The Native Tree Project

Mature piñon pine tree, Pinus edulis, on the banks of a small arroyo in the high desert of New Mexico.

This piñon pine near my home will be the model for a 2-year portfolio project.

As part of the RBGE Distance Diploma in Botanical Illustration, I need to document the life of a native or historic tree for 2 years.

Choosing a tree was surprisingly difficult. I was very enamored of the heirloom varieties of apple, pear and apricot trees that were planted throughout the Four Corners states in the late 19th and early 20th centuries. In fact, the Randall Davey Audubon Center here in Santa Fe has such an old orchard dating back to the 1890s, and I talked with them about using one of their trees in exchange for a lecture or exhibit to help with their programming. Unfortunately, their orchard doesn’t always bear fruit every year due to the extreme climate at the top of Canyon Road. I couldn’t find another tree of the same variety to serve as an understudy if the star couldn’t perform, so the search continued.

A horse chestnut on Canyon Road at the Santa Fe Historical Foundation’s HQ, El Zaguan, caught my eye. The last survivor of an historical garden and chestnut grove dating to the 1850s, this imposing specimen is a beautiful anomaly in this desert city. The foundation’s office staff gave me the impression that the foundation was not going to work hard to save the tree if its health began to fail as, “it had already lived past its normal lifespan.” So the hunt continued.

The aspen grove located in the Santa Fe National Forest in the Sangre de Cristo Mountains also intrigued me. Aspens are like grass: essentially a large, single, clone organism. This particular grove is perhaps one of the largest in North America. Even though this grove is just across town, getting there entails a 45-minute drive–in good weather. I’ll need to be able to check on the tree’s status at least weekly, and more frequently at key lifecycle points, so this was rather inconvenient.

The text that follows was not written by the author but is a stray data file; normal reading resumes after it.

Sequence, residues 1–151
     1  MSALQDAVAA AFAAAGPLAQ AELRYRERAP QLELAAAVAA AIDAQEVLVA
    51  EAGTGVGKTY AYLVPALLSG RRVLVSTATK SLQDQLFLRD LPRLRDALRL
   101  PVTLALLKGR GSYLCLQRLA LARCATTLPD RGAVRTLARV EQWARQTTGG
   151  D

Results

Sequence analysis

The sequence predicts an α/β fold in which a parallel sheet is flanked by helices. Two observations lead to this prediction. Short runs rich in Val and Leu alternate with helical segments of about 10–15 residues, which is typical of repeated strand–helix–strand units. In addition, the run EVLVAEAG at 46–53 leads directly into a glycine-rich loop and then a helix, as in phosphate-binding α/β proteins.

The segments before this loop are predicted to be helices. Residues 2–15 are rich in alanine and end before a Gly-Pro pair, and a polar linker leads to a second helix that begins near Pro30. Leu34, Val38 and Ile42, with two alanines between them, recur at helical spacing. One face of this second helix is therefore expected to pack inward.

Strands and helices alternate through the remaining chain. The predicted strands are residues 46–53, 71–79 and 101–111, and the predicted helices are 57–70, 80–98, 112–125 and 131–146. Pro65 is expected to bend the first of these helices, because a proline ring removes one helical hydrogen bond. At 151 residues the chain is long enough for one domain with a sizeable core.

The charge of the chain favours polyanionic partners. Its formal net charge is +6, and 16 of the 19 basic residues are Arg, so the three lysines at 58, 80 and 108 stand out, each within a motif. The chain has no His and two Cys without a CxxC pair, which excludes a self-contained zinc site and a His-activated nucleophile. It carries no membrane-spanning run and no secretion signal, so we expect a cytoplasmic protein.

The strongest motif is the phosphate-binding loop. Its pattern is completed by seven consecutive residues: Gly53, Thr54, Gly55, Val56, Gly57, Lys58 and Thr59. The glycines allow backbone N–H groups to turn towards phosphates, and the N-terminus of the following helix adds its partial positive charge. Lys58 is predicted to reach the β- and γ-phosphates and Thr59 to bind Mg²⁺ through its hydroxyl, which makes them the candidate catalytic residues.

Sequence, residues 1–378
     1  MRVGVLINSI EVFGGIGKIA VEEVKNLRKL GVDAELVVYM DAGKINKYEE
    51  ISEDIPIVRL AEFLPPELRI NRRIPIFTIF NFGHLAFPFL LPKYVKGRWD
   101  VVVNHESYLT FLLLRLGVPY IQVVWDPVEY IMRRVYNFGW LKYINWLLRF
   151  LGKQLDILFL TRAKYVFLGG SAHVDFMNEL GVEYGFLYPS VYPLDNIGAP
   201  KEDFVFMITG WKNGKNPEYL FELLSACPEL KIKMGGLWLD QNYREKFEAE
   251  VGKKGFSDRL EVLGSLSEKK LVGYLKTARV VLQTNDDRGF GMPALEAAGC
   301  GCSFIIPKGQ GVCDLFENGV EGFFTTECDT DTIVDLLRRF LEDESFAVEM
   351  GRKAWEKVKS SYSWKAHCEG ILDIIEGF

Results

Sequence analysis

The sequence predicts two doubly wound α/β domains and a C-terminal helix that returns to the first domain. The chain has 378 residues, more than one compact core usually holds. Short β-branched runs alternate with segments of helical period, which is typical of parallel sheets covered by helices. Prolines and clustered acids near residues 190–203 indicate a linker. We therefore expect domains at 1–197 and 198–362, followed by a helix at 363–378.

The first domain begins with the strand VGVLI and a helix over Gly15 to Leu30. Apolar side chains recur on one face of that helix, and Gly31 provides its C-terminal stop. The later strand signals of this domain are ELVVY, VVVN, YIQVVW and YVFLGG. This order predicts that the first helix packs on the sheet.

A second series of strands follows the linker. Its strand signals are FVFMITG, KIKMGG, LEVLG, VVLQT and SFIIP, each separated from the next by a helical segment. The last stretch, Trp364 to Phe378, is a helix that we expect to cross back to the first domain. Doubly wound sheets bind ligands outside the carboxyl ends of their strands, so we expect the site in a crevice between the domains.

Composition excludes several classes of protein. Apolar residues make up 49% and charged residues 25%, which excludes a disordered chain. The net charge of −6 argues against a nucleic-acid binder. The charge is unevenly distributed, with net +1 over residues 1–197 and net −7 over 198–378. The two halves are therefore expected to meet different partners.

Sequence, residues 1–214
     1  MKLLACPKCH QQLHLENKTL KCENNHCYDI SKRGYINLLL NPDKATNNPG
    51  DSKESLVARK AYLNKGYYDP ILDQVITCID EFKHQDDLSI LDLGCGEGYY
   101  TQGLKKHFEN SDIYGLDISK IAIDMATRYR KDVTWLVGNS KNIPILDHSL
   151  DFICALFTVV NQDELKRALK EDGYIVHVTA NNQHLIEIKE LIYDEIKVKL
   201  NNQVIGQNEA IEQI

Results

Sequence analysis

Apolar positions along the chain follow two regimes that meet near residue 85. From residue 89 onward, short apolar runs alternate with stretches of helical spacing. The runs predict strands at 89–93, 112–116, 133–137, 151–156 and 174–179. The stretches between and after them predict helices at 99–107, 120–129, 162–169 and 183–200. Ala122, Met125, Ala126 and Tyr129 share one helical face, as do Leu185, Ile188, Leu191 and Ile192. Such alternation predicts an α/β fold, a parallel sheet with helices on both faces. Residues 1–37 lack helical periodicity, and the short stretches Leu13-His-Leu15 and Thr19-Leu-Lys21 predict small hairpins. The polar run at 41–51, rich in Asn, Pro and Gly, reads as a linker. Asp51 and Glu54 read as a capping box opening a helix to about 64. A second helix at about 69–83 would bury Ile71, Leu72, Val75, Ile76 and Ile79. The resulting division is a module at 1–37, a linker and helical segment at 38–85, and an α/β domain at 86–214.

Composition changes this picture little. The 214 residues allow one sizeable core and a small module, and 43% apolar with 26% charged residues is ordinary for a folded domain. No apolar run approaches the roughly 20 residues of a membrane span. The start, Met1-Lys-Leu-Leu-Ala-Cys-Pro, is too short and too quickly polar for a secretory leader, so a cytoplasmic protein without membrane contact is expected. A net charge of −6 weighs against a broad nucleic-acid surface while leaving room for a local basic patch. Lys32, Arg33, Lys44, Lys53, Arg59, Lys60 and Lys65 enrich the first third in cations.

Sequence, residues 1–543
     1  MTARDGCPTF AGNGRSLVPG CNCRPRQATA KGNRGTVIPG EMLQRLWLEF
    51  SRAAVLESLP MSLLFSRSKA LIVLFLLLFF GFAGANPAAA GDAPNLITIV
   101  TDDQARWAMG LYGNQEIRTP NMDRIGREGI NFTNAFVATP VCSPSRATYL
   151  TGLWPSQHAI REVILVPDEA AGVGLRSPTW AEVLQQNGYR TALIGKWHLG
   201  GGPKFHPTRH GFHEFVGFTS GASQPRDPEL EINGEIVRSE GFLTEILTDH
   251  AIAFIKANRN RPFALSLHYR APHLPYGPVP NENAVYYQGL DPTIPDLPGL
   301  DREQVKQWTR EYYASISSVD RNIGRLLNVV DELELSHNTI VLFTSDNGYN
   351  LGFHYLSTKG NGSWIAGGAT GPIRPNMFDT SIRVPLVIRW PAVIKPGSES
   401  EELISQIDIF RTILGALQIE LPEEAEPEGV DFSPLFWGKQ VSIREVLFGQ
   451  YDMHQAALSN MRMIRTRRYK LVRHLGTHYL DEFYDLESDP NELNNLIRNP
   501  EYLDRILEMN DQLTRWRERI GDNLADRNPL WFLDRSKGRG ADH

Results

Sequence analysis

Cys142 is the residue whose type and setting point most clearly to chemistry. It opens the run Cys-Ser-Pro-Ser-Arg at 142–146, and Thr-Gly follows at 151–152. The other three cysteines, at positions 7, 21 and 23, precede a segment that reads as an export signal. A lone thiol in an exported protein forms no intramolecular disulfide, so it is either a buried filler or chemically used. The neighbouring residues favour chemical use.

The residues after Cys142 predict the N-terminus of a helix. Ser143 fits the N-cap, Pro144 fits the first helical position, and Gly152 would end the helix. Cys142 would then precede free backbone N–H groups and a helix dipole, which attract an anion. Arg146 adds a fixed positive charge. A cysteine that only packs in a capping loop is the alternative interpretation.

Finally, I realized the answer was in front of my eyes. The piñon pine, or Pinus edulis, is the state tree of New Mexico. It also grows all over the high desert around my exurban house in an environment described as piñon-juniper woodlands. It’s an important food source for animals and humans. Individual trees have beautiful forms, sculpted by wind and weather. Existential drama comes from an epidemic onslaught of an insect pest.

I hope you’ll enjoy learning along with me more about this icon of the Southwest!

Some thoughts on completing the PiBoIdMo challenge

Nevis the black Scottish terrier dog has a dignified and thoughtful appearance

Sexy beast. Nevis would love to pen rabbit murder mysteries. Sadly, a lack of opposable thumbs has stymied this talented storyteller.

This morning I jotted some notes down for my final journal entry in the Picture Book Idea Month challenge. This is the first time I’ve ever completed an internet challenge event. I’m not really one for these public group goal-meeting activities: In fact, I usually avoid them. What made this one more accessible for me was the fact that we didn’t have to publish or upload our work online, thus sidestepping the whole exhibitionistic aspect of so many of these events.